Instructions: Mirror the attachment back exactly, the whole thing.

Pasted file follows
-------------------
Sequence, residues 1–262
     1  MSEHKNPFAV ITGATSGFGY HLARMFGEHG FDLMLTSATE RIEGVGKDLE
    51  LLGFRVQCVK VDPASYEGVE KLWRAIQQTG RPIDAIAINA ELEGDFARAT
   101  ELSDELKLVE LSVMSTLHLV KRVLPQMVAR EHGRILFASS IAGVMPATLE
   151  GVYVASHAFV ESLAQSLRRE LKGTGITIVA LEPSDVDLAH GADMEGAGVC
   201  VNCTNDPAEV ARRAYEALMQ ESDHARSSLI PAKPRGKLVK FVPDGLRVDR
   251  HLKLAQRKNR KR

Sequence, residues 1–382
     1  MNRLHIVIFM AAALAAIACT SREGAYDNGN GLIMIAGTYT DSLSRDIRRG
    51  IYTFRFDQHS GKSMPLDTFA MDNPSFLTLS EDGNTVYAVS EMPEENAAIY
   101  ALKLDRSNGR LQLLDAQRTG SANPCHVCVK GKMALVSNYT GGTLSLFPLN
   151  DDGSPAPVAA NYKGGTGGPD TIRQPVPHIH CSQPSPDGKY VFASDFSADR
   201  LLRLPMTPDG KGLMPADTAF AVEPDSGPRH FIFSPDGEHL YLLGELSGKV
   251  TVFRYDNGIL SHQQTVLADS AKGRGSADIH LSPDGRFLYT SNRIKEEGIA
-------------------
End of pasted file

Sequence, residues 1–262
     1  MSEHKNPFAV ITGATSGFGY HLARMFGEHG FDLMLTSATE RIEGVGKDLE
    51  LLGFRVQCVK VDPASYEGVE KLWRAIQQTG RPIDAIAINA ELEGDFARAT
   101  ELSDELKLVE LSVMSTLHLV KRVLPQMVAR EHGRILFASS IAGVMPATLE
   151  GVYVASHAFV ESLAQSLRRE LKGTGITIVA LEPSDVDLAH GADMEGAGVC
   201  VNCTNDPAEV ARRAYEALMQ ESDHARSSLI PAKPRGKLVK FVPDGLRVDR
   251  HLKLAQRKNR KR

Sequence, residues 1–382
     1  MNRLHIVIFM AAALAAIACT SREGAYDNGN GLIMIAGTYT DSLSRDIRRG
    51  IYTFRFDQHS GKSMPLDTFA MDNPSFLTLS EDGNTVYAVS EMPEENAAIY
   101  ALKLDRSNGR LQLLDAQRTG SANPCHVCVK GKMALVSNYT GGTLSLFPLN
   151  DDGSPAPVAA NYKGGTGGPD TIRQPVPHIH CSQPSPDGKY VFASDFSADR
   201  LLRLPMTPDG KGLMPADTAF AVEPDSGPRH FIFSPDGEHL YLLGELSGKV
   251  TVFRYDNGIL SHQQTVLADS AKGRGSADIH LSPDGRFLYT SNRIKEEGIA